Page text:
The Mk1 Volkswagen Golf was launched in 1974 as part of a brand new strategy for VW, moving away from the air-cooled, rear-engined engineering strategy that had served the company well for some 40 years. The switch to a front-engined, front-wheel-drive platform across the entire model range could have gone so horribly wrong, but the fact that it didn't is largely down to the Golf.

A small, pert, beautifully-proportioned car, the Mk1 Golf (or Rabbit, as it was known in the US) arrived at a time that small hatchbacks were beginning to emerge as a popular choice amongst the economy-conscious family car buying public. The Golf may not have been the innovator here, but it had a crisp, Giorgetto Giugiaro-designed body, great handling and strong engines.

In 1976 VW played its trump card by introducing the GTI model – arguably the world's first hot hatchback, and a car that resonates with driving enthusiasts to this very day. The Mk1's design peaked with the GTI, featuring wide alloy wheels tucked under black wheelarch extensions, black decals and cheeky red piping around the grille signifying that something special was going on under the bonnet.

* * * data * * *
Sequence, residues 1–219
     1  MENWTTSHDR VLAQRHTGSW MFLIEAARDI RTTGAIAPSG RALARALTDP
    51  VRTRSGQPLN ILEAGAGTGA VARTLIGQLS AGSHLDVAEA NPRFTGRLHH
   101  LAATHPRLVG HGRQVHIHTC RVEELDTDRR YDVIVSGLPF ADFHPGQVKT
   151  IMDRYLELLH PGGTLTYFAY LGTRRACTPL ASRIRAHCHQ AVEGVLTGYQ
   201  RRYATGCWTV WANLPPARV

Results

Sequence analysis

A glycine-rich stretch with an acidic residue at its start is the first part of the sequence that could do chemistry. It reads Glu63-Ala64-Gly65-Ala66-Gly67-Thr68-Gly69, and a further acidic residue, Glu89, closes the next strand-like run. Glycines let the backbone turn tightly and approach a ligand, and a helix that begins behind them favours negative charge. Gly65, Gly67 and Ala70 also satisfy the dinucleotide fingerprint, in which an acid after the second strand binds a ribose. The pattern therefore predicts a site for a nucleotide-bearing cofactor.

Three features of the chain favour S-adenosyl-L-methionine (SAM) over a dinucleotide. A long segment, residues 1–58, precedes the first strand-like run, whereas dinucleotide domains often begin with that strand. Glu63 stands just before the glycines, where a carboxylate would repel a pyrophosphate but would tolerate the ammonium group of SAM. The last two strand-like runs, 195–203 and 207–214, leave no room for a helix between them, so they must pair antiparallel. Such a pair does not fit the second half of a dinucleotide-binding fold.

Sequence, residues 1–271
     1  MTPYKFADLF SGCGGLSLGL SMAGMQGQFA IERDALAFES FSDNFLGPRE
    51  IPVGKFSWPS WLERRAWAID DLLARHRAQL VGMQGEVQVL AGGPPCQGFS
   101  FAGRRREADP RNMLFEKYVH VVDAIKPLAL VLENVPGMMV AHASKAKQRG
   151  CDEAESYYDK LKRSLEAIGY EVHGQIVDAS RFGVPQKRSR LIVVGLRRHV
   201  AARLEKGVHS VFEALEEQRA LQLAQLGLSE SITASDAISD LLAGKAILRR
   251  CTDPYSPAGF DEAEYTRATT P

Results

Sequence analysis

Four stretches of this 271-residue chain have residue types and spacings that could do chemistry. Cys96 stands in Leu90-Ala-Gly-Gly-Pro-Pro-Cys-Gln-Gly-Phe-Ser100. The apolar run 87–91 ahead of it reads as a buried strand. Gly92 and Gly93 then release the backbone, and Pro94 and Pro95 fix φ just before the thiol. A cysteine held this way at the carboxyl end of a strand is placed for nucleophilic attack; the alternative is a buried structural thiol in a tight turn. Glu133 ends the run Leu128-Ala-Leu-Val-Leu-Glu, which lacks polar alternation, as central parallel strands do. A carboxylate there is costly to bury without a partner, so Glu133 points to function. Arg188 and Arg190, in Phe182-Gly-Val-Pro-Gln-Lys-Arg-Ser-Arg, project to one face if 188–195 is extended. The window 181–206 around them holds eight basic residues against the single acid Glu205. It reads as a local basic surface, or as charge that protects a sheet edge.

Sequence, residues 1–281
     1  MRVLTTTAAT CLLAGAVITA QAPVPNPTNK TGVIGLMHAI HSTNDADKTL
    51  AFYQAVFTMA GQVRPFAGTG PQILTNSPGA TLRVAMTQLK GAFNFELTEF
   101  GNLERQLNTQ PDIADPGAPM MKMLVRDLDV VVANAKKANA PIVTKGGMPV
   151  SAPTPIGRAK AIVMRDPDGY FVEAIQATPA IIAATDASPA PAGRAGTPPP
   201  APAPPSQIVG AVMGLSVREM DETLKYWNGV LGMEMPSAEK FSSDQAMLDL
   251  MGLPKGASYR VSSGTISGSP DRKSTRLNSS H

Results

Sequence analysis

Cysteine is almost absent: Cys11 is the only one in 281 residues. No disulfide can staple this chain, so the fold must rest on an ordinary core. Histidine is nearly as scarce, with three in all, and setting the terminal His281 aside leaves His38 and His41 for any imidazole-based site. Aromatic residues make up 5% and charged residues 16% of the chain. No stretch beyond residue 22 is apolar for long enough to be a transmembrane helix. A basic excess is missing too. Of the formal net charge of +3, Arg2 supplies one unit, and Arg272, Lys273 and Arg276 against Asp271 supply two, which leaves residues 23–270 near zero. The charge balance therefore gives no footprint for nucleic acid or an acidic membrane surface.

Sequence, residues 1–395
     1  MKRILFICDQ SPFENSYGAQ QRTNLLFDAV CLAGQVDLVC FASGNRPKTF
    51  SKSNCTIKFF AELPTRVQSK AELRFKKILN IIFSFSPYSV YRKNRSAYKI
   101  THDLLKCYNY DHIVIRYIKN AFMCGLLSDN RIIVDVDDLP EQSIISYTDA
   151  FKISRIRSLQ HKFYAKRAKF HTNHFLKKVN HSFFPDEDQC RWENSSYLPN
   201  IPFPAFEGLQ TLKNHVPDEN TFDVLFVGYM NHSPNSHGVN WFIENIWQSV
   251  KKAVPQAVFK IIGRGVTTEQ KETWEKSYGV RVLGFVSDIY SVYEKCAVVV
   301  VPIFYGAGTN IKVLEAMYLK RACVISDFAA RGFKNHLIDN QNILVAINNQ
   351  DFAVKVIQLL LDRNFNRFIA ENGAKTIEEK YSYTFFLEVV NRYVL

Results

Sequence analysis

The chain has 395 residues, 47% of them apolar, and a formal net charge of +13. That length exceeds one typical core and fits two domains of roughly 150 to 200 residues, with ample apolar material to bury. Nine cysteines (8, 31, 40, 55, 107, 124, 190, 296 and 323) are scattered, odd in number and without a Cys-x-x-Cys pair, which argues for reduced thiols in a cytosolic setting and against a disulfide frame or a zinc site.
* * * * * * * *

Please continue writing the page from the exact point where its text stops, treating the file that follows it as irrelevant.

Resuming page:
Volkswagen XL1

05 Volkswagen XL1

It's not the first car you think of when you think 'Volkswagen' but the XL1 'Super Efficient Vehicle' is a stunning piece of design which will forever look like you're driving a concept car on the road. The XL1 was unveiled at the Qatar Motor Show in 2011 and wowed the assembled crown not with its pioneering construction techniques, nor its advanced plug-in hybrid drivetrain, or even its figures of 313mpg on the combined cycle while emitting 24g/km of CO2… but rather the fact that it was actually being put into production, and with a near-£100,000 price tag.

Its aerodynamic teardrop shape is reminiscent of the Honda Insight or various 1990s design concepts but none have the drama of the XL1 with its scissor doors, rear-facing cameras in place of wing mirrors, and covered rear wheels. High-tech materials including carbon fibre, magnesium, ceramics and aluminium are all utilised in the construction to keep weight down and strength up.

With the 'Dieselgate' crisis harming VW's environmental credentials in 2015, the XL1 has been almost criminally ignored (no pun intended), but in a perverse way that only adds to its allure.